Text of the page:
Cognitive changes such as these are normal and not necessarily indicative of any form of dementia, nor do they mean that seniors are any less smart than their younger counterparts. These changes can also be exacerbated by or the result of inadequate diet, vitamin deficiency, improper medication dosage, insufficient sleep, isolation or depression, to name a few.
· diminished capacity – including the inability to process “simple” concepts or answer verification questions, not knowing the day or time, inability to understand the consequences of decisions
· difficulty speaking or communicating
· visible mood and personality change, disorientation with his or her surroundings or social settings, uncharacteristically unkempt or forgetful.
· demonstrated erratic behavior compared to previous behaviors for that individual, such as :
o decisions that are inconsistent with current long-term goals or commitments
o anger or irritation when presented with recommendations that are in keeping with agreed-upon plans
o refusal to follow appropriate financial advice
o difficulty signing his or her name to a check or other document
o concern or confusion about “lost” or “missing” funds when there have been no unauthorized money movements or no movements at all
o a lack of awareness or understanding of recently completed financial transactions
Let’s face it, any one of us can have an accident or become ill and be unable to make medical or financial decisions for ourselves, or cognitive changes can also be indicative of more severe impairment that at some point CAN diminish or erode functionality.
What can you do?
Work with a professional and HAVE A PLAN! Here are some tips...
· Have these conversations now with family, and your trusted financial advisor (if you have one) BEFORE this is an issue. Rehearse what that plan will look like under different scenarios, so there is a common understanding.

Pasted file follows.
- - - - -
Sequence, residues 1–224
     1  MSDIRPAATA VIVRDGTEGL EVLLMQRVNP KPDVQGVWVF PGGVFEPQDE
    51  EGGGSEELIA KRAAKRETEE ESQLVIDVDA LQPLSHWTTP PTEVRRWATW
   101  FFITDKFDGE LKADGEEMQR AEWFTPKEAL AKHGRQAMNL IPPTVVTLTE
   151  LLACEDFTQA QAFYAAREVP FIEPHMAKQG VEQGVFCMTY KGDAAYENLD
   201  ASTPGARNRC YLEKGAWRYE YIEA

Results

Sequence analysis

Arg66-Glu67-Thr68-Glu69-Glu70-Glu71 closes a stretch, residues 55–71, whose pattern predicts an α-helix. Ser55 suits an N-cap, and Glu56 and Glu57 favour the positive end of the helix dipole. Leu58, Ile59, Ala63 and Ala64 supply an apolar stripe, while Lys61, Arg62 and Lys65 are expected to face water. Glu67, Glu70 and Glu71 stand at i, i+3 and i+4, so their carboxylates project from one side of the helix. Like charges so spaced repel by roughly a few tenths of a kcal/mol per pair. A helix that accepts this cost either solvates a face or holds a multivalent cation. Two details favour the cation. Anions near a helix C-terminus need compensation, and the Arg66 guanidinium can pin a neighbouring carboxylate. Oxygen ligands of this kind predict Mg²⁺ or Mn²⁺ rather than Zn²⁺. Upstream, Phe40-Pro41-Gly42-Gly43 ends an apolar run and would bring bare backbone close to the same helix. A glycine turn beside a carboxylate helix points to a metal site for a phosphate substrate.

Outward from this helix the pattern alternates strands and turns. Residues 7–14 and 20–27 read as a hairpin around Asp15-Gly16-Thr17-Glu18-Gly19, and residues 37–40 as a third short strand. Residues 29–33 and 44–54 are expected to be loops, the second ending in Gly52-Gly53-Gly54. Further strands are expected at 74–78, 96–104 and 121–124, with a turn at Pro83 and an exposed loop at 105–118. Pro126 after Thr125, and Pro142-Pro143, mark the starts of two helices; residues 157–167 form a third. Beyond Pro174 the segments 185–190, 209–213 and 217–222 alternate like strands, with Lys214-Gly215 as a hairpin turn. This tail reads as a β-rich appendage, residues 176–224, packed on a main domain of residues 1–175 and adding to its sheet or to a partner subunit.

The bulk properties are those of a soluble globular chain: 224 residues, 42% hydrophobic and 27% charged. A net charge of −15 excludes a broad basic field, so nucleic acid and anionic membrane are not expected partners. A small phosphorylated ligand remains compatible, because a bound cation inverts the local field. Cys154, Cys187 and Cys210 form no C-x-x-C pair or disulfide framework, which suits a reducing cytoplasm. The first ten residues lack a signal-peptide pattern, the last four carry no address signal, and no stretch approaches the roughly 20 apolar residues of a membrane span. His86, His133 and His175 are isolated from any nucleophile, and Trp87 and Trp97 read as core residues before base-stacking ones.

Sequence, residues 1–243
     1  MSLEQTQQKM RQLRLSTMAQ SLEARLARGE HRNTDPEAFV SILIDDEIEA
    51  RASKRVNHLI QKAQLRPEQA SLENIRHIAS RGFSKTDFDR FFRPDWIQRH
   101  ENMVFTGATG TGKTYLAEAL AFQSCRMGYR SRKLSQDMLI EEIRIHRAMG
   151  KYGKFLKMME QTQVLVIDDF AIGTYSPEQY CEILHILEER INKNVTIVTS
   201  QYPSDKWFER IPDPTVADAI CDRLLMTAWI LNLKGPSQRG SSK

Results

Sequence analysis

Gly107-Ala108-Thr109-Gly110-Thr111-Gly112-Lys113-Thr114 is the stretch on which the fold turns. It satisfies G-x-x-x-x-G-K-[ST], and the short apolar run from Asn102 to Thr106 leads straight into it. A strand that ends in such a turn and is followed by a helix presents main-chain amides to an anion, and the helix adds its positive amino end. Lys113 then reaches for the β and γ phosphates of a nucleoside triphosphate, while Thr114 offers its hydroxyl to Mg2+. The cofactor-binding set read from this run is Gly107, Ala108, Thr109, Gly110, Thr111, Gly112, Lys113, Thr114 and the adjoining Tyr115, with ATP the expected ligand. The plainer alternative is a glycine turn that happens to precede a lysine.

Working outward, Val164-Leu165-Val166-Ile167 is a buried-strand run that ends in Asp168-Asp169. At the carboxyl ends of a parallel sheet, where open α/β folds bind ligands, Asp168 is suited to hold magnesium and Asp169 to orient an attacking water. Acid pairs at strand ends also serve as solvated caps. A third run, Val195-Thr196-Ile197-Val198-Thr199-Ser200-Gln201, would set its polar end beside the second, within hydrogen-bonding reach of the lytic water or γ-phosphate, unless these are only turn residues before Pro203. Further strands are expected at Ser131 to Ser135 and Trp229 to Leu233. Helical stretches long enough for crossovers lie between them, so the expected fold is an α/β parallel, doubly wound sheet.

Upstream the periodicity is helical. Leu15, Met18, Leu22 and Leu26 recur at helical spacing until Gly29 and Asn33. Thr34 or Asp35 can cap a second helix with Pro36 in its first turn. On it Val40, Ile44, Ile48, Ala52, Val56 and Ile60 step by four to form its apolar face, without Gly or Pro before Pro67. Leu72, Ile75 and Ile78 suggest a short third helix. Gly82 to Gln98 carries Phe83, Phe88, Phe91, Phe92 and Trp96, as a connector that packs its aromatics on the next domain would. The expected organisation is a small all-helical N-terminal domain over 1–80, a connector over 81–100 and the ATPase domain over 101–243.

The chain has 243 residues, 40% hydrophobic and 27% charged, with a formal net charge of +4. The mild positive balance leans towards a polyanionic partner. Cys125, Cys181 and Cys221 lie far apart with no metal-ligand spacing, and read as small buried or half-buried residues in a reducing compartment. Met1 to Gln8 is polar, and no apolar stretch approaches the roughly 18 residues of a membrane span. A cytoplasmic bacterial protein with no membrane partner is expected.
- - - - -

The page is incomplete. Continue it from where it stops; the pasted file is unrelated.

· Sign an agreement with your financial advisor ahead of time on what will happen if cognitive incapacity or financial fraud is suspected; define who will be contacted and when.
· Consider pros & cons of various strategies including appointing someone trusted to act on your behalf when you still have the mental and physical capacity to do so, and planning tools such as:
o powers of attorney (POA) – consider adding an extra layer of safety by having your agent meeting periodically with an independent 3rd party to ensure your assets are being used for your benefit
& when & how it may be initiated
o co-owned accounts
For more information on planning tools and the obligation of financial professionals, you can check out ”Steps to Protect Those with Diminished Mental Capacity from Elder Financial Abuse.”
· Let your trusted financial advisor know:
o Who is titled on your accounts
o The names of other important professionals such as your attorney, accountant/CPA, and insurance professional, etc.
o About documents such as POA, HealthcareCare POA, a will, who has copies of them and who are the important people named in these documents. Share them with your financial advisor if you are comfortable doing so.
· Have a trusted person meet your financial advisor. That way you have a team looking out for you in case of decline, there’s a plan, and there is less likelihood of someone stepping in that might not have your best interest at heart.
· Increase your financial literacy so that you can make important financial decisions. Check out resources available at;
o Consumer Financial Protection Bureau
· Maintain a regime of healthy thinking skills such as puzzles and memory games. Engage in regular exercise and spending time with family and friends, and eating healthy.
This is by no means meant to be an exhaustive discussion on the topic but rather food for thought and consideration. Honestly, it will never seem like the “right time” for these conversations. Take action before an accident, injury, or age makes it impossible to make your wishes formalized with a plan.
About the author: Michelle Buonincontri
Michelle Buonincontri, CFP®, CDFA®, is a divorce financial strategist, personal finance coach and mediator. She is the founder of Being Mindful in Divorce and New Direction Financial Strategies LLC, as well as an avid volunteer at Savvy Ladies in NY and Fresh Start Women's Foundation in Phoenix, and she works closely with the AZ National Guard. You can email her at Michelle@BeingMindulinDivorce.com.